Cinema especially is a 'business on demand'. Films have to make profit within weeks, and, as you said, really NOBODY cares about 4k right now.

We don't know, if in a decade or so people will expect HFR rather than greater resolutions. The broadcast formats are still 1080i in many countries, who can tell when this old dinosaur interlace will finally be allowed to the museum? [i]Future proof[/i] is only foreseeable for two or three years. Or, as you said, way longer. The richest broadcaster in my area uses XDCAM SD still.

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They really are desperate to keep selling new things to consumers, and the old production industry is desperate to differentiate "pro" from consumer production. 3D is a headache-inducing hassle, and 4K is just too much of a luxury and doesn't make enough difference to the the end user experience. People's houses are getting smaller, not bigger, we're over populated in the extreme! There aren't enough people with room for a 100-inch telly to support this stuff.

There will be another world war before 4K is in every home, unless Apple release a cheap 4K iPad. Like that'd make a blind bit of difference to the viewing experience...

most content I work on day to day is delivered SD or 720p. a request for full HD is quite rare. One project shot at 5K was delivered 1080i. My own promo work is always 720p or 1080i.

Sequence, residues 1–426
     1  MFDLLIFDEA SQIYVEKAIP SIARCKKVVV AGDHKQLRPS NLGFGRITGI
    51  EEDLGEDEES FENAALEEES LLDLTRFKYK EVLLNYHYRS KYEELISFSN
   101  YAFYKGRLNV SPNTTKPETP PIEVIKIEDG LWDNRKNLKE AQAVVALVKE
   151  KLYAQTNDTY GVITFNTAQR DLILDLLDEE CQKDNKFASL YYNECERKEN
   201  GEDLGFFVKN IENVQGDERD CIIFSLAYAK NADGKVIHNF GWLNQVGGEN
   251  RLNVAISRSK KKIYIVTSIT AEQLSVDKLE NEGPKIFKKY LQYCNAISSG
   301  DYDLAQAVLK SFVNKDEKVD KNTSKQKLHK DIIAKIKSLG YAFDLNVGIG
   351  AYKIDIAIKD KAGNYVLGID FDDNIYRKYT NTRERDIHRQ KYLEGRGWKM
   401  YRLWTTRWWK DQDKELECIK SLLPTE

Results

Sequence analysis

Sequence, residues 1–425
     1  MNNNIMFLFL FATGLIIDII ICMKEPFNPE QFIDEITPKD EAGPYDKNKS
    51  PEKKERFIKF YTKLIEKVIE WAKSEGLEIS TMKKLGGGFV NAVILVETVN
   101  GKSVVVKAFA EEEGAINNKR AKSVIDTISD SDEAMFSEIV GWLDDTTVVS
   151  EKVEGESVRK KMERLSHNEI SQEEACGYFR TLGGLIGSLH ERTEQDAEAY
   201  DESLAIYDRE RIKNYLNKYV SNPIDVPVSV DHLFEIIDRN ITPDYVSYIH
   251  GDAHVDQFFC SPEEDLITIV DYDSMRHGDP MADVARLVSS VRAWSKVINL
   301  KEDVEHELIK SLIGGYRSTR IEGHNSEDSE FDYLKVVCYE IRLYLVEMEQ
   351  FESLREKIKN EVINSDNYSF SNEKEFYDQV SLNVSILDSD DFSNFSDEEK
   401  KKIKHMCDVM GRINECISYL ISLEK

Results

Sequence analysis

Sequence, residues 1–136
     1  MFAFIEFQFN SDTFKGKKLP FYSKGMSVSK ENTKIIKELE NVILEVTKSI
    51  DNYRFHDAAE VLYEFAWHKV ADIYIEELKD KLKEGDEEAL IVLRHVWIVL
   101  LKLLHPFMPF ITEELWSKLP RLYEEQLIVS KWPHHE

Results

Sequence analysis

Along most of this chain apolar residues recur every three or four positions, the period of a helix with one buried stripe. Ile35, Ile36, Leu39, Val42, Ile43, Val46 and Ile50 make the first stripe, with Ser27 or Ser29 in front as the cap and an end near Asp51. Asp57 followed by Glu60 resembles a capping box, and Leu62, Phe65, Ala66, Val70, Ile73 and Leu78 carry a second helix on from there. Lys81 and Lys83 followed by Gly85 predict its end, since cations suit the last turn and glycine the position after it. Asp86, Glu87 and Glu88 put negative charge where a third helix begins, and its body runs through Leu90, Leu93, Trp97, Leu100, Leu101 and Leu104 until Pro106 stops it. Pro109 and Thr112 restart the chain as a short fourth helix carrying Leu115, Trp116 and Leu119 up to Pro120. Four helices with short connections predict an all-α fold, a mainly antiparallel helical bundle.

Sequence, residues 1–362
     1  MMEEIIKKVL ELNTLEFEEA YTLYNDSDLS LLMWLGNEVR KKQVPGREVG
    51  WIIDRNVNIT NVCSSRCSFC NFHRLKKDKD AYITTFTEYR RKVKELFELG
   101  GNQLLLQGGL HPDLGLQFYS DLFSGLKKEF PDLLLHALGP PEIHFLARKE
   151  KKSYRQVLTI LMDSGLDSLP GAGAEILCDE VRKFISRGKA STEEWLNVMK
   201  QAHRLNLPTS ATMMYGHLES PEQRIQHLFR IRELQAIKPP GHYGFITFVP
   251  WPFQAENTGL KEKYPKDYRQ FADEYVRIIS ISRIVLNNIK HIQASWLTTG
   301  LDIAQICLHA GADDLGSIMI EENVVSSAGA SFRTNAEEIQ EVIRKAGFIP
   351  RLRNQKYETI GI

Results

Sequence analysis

The best film-like digital images I've seen come from the Alexa, that's 1080p. Drive looked amazing on a [i]huge[/i] [i]cinema screen[/i], as did Avatar, both 1080p. So where do you [i]really [/i]reap a benefit that justifies the huge extra cost of 4K?

Screw 4K, what about actually distributing some interesting content in 1080p? There's so much out there that's ignored... what about saying "that's good enough quality" for a while, and focussing on the content. It shows that the biggest companies are the distributors...

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Speaking of 3D: What if someone invented a 3D technique without the need for glasses? For the big screen? No swords protruding from the screen, but if you moved your head, the [i]perspective[/i] would change slightly, you would be able to see the side (technology already exists for stills, millions of tiny lenses are connected like in a compound eye, and various angles, also on the z-axis, are stored). That could be similarly successful as surround sound. A mono movie is not accepted anymore. The same could happen with flat images. What do you do with your old 4k recordings then?